Read the documentation on spectral centroids in the accompanying files (look in the downloaded directory), and try out the project3-demos.sal that is provided. To summarize, you call spectral-centroid() on an input sound (or filename), and it returns an envelope that tracks the spectral centroid of the input sound.

The idea here is that when the input sound gets brighter, the spectral centroid goes up. If we use spectral centroid to control the Index of Modulation, an increasing spectral centroid should cause the Index of Modulation to increase, and therefore the FM sound should get brighter. Thus, there should be a connection between spectral variation of the source sound analyzed with spectral-centroid() and the spectral variation of your synthesized sound.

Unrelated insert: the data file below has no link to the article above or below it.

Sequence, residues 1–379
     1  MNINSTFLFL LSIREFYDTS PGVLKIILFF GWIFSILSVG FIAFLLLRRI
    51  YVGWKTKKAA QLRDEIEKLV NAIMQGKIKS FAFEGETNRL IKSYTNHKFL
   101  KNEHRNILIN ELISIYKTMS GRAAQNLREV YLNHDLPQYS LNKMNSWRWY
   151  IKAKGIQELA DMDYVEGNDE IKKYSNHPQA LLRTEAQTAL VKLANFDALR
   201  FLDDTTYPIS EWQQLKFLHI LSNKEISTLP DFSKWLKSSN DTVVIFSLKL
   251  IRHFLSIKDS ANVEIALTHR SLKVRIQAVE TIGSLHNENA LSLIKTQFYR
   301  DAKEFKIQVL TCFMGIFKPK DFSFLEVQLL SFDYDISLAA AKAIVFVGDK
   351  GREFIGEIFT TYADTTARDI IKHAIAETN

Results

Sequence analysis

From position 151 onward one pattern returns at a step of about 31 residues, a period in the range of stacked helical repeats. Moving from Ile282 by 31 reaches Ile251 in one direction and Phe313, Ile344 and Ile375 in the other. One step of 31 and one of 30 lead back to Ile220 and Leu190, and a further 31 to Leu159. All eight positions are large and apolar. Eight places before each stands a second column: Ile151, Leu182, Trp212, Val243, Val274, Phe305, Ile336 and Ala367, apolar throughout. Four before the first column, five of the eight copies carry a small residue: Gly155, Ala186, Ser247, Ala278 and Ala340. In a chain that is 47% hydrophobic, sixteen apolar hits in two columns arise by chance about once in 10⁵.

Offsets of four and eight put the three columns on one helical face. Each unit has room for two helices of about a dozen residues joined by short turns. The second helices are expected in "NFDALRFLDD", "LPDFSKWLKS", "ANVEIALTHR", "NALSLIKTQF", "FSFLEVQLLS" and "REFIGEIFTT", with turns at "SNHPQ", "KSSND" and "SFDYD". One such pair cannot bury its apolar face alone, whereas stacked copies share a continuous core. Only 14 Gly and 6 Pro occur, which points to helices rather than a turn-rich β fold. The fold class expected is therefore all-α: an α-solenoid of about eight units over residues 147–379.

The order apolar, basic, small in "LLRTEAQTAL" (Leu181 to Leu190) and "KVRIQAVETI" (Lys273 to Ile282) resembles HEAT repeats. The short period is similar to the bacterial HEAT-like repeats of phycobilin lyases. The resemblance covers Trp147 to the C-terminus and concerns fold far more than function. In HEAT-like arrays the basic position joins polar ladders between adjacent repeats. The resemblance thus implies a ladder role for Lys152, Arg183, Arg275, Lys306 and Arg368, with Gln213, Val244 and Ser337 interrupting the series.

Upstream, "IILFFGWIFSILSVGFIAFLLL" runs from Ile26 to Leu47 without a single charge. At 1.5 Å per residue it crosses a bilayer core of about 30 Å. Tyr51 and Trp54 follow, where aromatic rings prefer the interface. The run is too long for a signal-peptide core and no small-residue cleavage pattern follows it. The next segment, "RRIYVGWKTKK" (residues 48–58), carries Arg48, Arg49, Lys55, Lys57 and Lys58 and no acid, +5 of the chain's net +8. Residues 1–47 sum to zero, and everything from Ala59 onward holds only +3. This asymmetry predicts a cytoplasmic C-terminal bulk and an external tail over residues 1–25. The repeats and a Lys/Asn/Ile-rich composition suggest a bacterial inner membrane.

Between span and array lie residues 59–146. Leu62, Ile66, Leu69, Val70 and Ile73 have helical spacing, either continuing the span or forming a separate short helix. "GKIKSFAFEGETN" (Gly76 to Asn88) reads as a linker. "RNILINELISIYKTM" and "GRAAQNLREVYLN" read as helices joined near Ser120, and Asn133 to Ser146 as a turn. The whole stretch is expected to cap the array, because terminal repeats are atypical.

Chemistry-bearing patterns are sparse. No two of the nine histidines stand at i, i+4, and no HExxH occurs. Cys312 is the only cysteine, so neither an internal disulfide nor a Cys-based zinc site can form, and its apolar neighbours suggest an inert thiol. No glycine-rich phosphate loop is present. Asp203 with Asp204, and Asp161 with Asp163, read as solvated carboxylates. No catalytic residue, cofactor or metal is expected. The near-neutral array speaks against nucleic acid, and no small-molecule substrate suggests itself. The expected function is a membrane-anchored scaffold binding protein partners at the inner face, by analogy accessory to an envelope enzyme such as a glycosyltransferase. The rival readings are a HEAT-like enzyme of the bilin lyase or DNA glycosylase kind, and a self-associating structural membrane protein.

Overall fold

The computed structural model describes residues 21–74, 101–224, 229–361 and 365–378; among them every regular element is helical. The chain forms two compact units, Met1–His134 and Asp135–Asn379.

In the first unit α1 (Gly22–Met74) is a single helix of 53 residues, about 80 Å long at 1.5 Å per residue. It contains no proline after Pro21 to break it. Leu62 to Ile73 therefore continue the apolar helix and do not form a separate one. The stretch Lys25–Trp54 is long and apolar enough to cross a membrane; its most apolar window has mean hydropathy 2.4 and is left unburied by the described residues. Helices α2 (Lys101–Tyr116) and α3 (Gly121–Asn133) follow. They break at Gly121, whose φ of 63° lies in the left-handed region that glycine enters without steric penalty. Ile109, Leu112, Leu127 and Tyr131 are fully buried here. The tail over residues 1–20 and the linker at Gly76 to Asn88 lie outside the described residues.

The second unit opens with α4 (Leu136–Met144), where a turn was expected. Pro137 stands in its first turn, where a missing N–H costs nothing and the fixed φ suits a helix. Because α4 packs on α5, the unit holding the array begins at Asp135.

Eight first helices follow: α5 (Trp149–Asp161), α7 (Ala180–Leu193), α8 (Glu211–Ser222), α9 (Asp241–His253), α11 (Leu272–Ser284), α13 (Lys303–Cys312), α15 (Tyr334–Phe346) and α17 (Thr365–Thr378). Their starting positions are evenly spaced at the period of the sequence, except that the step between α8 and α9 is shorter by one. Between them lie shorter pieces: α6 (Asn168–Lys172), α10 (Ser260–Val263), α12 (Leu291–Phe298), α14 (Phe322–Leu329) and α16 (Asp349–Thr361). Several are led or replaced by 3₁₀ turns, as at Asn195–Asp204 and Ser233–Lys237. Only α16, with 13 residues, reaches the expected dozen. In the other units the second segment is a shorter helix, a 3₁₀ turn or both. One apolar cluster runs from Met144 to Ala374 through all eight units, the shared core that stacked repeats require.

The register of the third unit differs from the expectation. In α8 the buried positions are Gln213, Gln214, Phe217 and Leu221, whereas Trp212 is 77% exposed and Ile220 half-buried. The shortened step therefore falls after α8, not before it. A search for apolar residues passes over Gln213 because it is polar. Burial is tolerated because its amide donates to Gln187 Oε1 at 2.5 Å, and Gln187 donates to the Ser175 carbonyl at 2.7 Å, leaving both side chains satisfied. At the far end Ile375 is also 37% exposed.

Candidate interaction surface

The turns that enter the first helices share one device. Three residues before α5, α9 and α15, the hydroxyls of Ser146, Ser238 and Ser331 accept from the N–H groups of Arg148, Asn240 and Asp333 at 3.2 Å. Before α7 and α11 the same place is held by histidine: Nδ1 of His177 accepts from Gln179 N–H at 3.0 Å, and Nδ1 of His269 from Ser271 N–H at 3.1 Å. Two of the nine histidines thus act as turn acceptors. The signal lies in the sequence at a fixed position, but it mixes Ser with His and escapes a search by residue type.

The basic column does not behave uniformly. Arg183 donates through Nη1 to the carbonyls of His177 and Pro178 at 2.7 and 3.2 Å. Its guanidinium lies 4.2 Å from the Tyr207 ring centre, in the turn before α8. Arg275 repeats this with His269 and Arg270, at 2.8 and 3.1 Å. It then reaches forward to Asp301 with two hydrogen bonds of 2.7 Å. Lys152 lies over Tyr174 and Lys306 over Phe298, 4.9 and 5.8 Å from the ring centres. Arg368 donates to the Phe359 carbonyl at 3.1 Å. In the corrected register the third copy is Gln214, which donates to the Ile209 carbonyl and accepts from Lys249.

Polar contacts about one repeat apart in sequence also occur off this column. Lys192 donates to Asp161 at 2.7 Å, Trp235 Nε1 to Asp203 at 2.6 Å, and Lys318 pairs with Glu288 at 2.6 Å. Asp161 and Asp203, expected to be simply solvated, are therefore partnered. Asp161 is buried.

Your technical task is to make this connection between input sound and output sound. This is a rare case where we are going to suggest assigning the spectral centroid (sound) to a global variable. If you do that, then any note can reference the spectral centroid. For example:

set *sc* = 0.003 * spectral-centroid(...)
play seq(fminstr(pitch: c4, im: *sc*),
         fminstr(pitch: c4, im: *sc*) ~ 2)

This plays two notes. The first runs nominally from 0s to 1s, and it will use the first second of the spectral centroid sound to control its IM. The second note runs nominally from 1 to 3s (the duration is 2 because of the stretch operator ~), and this note will use the spectral centroid from 1 to 3s. It is important to note that the second note does not begin “reading” the *sc* variable from the beginning. This is consistent with the idea that, in Nyquist, sounds have an absolute start time.